The Burden and Genetic Variability of Extended-Spectrum ß-Lactamase (ESBL) - Producing Pathogens in Swiss Children

The recruitment status of this study is unknown because the information has not been verified recently.
Verified May 2009 by University Hospital, Geneva.
Recruitment status was  Recruiting
Sponsor:
Information provided by:
University Hospital, Geneva
ClinicalTrials.gov Identifier:
NCT00894036
First received: May 4, 2009
Last updated: September 24, 2009
Last verified: May 2009
  Purpose

Objectives:

The aim of the study is to determine the molecular epidemiology and genetic variability of ESBL-producing enterobacteriaceae (E-ESBL) among children in Switzerland and to estimate the associated clinical burden of disease.

The investigators' hypotheses are:

  1. The genetic variability (and especially the distribution of strains harbouring the CTX-M genes) among children is similar to that observed in adults;
  2. The overall burden of disease is still low in Switzerland compared to neighbouring countries. However, treatment of severe E-ESBL infections is challenging;
  3. The recommended oral treatment procedure with 3rd generation cephalosporins for febrile urinary tract infection may contribute to increased prevalence of E-ESBL in the long term.

The study is scheduled to start July 1st, 2008, and end June 30th, 2010.


Condition
Enterobacteriaceae Infections

Study Type: Observational
Study Design: Observational Model: Ecologic or Community
Time Perspective: Prospective
Official Title: Epidemiology of Extended-spectrum ß-lactamase (ESBL)-Producing Enteric Gram-negative Bacilli in Swiss Children

Resource links provided by NLM:


Further study details as provided by University Hospital, Geneva:

Primary Outcome Measures:
  • Burden of ESBL-colonization and disease of hospitalized Swiss children [ Time Frame: 2 years ] [ Designated as safety issue: No ]

Secondary Outcome Measures:
  • Genetic variability (and especially the distribution of strains harbouring the CTX-M genes) among Swiss children [ Time Frame: 2 years ] [ Designated as safety issue: No ]

Estimated Enrollment: 100
Study Start Date: July 2008
Estimated Study Completion Date: December 2010
Estimated Primary Completion Date: June 2010 (Final data collection date for primary outcome measure)
  Show Detailed Description

  Eligibility

Ages Eligible for Study:   up to 15 Years
Genders Eligible for Study:   Both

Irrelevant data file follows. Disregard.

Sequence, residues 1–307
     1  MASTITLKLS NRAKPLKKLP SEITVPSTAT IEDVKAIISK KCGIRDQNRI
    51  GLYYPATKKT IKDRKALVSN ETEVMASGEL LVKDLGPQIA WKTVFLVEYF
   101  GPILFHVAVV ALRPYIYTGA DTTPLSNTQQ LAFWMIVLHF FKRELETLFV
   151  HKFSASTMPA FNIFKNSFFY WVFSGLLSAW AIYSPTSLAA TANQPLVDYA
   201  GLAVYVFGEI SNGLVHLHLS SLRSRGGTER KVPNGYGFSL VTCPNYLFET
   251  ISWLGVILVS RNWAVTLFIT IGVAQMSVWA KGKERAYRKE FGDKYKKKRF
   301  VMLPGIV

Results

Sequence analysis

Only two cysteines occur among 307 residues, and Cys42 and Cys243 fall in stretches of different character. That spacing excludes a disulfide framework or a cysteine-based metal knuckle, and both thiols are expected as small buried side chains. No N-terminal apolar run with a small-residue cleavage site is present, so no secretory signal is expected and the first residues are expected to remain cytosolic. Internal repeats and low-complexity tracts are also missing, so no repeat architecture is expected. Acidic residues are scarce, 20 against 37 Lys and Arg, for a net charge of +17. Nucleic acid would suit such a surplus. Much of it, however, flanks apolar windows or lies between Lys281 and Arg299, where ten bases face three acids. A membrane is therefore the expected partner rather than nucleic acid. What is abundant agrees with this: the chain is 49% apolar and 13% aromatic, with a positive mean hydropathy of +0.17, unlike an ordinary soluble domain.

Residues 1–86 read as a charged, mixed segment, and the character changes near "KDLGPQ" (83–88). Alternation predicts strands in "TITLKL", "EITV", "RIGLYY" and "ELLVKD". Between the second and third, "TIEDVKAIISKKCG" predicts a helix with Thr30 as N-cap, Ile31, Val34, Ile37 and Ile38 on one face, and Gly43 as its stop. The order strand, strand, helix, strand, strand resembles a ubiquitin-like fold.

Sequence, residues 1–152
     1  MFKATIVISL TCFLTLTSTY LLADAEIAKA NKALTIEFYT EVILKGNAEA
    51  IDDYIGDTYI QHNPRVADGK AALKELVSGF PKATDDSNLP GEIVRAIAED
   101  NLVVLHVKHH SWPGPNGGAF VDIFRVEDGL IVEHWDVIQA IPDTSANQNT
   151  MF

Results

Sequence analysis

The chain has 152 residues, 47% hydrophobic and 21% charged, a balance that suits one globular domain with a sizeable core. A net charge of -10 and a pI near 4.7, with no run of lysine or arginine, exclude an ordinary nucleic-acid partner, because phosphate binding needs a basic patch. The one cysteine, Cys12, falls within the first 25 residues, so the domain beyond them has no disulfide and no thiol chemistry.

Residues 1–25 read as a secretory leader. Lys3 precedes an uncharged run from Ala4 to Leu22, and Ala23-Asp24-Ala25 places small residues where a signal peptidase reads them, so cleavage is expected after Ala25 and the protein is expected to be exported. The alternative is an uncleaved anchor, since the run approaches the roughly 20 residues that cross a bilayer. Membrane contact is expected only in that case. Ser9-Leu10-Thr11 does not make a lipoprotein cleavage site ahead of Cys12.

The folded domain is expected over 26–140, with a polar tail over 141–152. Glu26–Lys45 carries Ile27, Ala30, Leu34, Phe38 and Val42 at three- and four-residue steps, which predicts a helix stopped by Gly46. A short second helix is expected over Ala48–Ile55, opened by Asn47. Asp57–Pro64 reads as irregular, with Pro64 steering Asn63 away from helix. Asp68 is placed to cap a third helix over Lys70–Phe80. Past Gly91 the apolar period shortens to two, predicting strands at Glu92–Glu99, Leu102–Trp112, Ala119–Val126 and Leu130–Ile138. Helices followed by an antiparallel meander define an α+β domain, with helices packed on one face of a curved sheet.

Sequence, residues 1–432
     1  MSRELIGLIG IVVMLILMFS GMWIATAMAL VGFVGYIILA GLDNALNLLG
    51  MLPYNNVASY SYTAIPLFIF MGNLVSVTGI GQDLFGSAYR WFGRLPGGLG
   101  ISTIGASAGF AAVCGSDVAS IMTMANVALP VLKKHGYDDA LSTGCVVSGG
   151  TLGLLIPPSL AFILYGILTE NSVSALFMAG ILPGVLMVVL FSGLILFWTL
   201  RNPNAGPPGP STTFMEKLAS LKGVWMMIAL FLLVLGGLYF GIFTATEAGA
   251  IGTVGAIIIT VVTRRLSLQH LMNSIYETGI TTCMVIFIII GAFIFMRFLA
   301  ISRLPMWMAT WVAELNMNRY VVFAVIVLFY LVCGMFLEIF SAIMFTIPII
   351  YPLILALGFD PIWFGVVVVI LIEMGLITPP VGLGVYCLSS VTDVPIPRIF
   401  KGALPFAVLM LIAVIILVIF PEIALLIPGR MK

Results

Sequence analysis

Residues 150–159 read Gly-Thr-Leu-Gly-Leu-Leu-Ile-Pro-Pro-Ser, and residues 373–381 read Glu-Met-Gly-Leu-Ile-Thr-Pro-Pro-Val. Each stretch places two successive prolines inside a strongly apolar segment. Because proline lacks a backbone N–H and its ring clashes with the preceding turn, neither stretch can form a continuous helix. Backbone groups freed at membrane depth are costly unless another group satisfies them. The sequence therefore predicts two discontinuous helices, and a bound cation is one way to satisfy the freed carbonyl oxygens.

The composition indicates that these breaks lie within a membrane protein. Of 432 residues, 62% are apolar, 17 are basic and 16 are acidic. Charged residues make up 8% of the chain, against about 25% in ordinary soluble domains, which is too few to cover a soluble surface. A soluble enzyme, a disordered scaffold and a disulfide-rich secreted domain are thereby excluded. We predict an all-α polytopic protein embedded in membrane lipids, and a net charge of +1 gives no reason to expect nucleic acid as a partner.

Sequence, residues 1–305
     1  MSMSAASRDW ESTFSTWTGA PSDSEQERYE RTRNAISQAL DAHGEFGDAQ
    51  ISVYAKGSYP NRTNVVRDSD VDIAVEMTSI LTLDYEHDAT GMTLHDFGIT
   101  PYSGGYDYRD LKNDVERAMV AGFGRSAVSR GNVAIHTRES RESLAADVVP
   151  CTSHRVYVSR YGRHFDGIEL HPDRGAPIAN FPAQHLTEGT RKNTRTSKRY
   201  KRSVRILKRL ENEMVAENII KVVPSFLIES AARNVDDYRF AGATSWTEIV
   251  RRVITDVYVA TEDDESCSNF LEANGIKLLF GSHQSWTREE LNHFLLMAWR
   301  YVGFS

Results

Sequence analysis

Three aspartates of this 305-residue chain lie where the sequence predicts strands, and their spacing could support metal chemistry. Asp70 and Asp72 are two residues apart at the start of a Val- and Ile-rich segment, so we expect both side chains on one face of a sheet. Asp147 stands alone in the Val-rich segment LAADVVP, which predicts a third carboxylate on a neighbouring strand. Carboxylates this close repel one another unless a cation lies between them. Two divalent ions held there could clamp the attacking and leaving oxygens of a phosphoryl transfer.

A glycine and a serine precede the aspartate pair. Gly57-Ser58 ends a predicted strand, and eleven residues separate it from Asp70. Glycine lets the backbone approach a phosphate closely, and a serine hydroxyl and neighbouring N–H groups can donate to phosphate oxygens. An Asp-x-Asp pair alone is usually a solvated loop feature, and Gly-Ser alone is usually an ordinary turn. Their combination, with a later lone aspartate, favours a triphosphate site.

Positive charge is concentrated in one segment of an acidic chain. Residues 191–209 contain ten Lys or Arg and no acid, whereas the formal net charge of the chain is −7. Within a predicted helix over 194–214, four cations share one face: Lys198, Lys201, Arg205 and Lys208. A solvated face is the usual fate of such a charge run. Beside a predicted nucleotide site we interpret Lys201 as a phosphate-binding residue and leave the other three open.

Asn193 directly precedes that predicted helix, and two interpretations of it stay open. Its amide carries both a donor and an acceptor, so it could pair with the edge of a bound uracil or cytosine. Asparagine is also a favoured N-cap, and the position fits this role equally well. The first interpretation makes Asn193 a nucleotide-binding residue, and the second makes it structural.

Accepts Healthy Volunteers:   No
Sampling Method:   Non-Probability Sample
Study Population

All children hospitalized in a pediatric hospital or a pediatric unit in Switzerland

Criteria

Inclusion Criteria:

  • children who are found being colonized or infected by an ESBL-producing pathogen

Exclusion Criteria:

  • children without ESBL-producing pathogens
  Contacts and Locations
Choosing to participate in a study is an important personal decision. Talk with your doctor and family members or friends about deciding to join a study. To learn more about this study, you or your doctor may contact the study research staff using the Contacts provided below. For general information, see Learn About Clinical Studies.

Please refer to this study by its ClinicalTrials.gov identifier: NCT00894036

Contacts
Contact: Walter Zingg, MD +41223723364 walter.zingg@hcuge.ch
Contact: Christoph Aebi, Prof +41316322111 christoph.aebi@insel.ch

Locations
Switzerland
University of Geneva Hospitals Recruiting
Geneva, Switzerland, 1211
Contact: Walter Zingg, MD    +41223723364    walter.zingg@hcuge.ch   
Sponsors and Collaborators
University Hospital, Geneva
Investigators
Study Chair: Christoph Aebi, Prof University Hospital of Berne
  More Information

Publications:

Responsible Party: Walter Zingg/MD, University of Geneva Hospitals
ClinicalTrials.gov Identifier: NCT00894036     History of Changes
Other Study ID Numbers: MatPed 08-002R
Study First Received: May 4, 2009
Last Updated: September 24, 2009
Health Authority: Switzerland: Federal Office of Public Health

Keywords provided by University Hospital, Geneva:
esbl children Switzerland
Colonization
ESBL-producing gram-negative bacilli
Infection

Additional relevant MeSH terms:
Infection
Enterobacteriaceae Infections
Gram-Negative Bacterial Infections
Bacterial Infections

ClinicalTrials.gov processed this record on September 18, 2014